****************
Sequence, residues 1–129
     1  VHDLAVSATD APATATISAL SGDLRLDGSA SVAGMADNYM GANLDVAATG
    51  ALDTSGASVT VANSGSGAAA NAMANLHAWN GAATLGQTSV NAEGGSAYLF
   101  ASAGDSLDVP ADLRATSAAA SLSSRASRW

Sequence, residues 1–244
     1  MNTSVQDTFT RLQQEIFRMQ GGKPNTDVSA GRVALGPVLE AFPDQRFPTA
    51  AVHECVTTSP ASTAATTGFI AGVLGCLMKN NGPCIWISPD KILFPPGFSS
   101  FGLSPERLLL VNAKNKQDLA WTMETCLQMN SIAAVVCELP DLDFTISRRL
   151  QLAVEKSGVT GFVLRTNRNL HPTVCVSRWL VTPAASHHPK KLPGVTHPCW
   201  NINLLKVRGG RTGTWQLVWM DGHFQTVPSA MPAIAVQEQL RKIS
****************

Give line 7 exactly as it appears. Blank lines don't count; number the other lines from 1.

    51  AVHECVTTSP ASTAATTGFI AGVLGCLMKN NGPCIWISPD KILFPPGFSS